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Publisher's Summary

When After Virtue first appeared in 1981, it was recognized as a significant and potentially controversial critique of contemporary moral philosophy. Since that time, the book has been translated into more than 15 foreign languages and has sold over 100,000 copies. Now, 25 years later, the University of Notre Dame Press is pleased to release the third edition of After Virtue, which includes a new prologue: "After Virtue After a Quarter of a Century".

In this classic work, Alasdair MacIntyre examines the historical and conceptual roots of the idea of virtue, diagnoses the reasons for its absence in personal and public life, and offers a tentative proposal for its recovery. While the individual chapters are wide-ranging, once pieced together, they comprise a penetrating and focused argument about the price of modernity.

In the third edition's prologue, MacIntyre revisits the central theses of the book and concludes that, although he has learned a great deal and has supplemented and refined his theses and arguments in other works, he has "as yet found no reason for abandoning the major contentions" of this book. While he recognizes that his conception of human beings as virtuous or vicious needed not only a metaphysical but also a biological grounding, ultimately he remains "committed to the thesis that it is only from the standpoint of a very different tradition, one whose beliefs and presuppositions were articulated in their classical form by Aristotle, that we can understand both the genesis and the predicament of moral modernity."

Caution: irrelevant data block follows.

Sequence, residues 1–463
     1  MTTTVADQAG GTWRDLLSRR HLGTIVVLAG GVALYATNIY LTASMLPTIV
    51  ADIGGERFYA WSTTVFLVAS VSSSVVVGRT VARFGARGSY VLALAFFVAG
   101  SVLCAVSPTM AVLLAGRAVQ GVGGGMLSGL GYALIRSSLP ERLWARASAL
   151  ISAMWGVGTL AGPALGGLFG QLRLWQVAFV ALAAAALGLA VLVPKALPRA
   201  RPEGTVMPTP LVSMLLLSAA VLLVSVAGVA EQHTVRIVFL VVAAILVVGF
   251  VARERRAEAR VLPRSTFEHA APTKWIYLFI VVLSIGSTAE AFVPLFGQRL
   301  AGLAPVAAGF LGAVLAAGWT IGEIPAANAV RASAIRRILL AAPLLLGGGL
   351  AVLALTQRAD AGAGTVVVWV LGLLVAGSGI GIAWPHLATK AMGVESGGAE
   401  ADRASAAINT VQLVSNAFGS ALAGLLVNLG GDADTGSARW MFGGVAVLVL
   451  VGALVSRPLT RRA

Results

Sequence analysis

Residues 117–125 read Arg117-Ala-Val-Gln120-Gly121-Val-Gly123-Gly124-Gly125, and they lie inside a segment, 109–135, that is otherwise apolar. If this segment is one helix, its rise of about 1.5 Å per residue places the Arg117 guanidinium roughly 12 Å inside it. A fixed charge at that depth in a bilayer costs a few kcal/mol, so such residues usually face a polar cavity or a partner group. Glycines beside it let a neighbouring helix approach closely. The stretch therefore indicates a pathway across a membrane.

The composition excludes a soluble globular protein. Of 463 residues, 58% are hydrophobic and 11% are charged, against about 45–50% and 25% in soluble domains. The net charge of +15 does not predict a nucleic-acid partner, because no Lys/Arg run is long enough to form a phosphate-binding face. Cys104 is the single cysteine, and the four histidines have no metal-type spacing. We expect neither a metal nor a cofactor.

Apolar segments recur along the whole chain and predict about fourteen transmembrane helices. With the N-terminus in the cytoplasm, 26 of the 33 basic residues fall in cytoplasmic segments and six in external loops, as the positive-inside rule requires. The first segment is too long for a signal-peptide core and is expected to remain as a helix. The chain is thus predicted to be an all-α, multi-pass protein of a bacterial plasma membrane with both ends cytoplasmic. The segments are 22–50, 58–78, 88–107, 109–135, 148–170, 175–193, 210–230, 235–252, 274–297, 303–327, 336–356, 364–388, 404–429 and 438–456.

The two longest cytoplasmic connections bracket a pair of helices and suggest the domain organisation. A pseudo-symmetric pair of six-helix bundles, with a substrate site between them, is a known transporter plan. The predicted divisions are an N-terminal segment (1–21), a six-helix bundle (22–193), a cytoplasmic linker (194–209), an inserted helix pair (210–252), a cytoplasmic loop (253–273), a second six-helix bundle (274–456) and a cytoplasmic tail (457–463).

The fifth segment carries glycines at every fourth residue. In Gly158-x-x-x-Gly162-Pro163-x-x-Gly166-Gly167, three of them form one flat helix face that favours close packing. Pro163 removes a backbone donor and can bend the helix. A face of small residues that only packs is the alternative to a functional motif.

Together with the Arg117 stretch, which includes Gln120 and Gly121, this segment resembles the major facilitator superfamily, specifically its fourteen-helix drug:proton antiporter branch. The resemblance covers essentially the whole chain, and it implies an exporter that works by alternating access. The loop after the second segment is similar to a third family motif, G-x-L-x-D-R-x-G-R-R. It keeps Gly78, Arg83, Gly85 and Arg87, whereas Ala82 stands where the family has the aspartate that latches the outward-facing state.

©2018 Blackstone Audio, Inc. (P)2018 Blackstone Audio, Inc.

What listeners say about After Virtue, Third Edition

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A Philosopher is a Philosopher

I had hoped that Dr. Maclintyre would with some dogmatism, bring into sharper relief the differences between modern notions of virtue, and those held by Aristotle. And of course this would by necessity, include those Aristotelians who adhered to Aristotle's philosophy. Unfortunately, I was offered a more softened, and restrained comparison.

This treatise is written by a philosopher, and it is a superb philosophic book. Nevertheless, I am not a philosopher, and do not aspire to be one. At this point though, I want to unhesitatingly commend Derek Perkins for his excellent work in his narration of After Virtue. He made my overall experience with this audiobook very pleasant!

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good philosophy

I heard about this book from the Great Courses history of Western philosophy. Was a great follow up to that and the narration is fantastic for the genre. Thought-provoking and perspective-altering ideas in here that make a whole lot of intuitive sense. Will be seeking out more like this!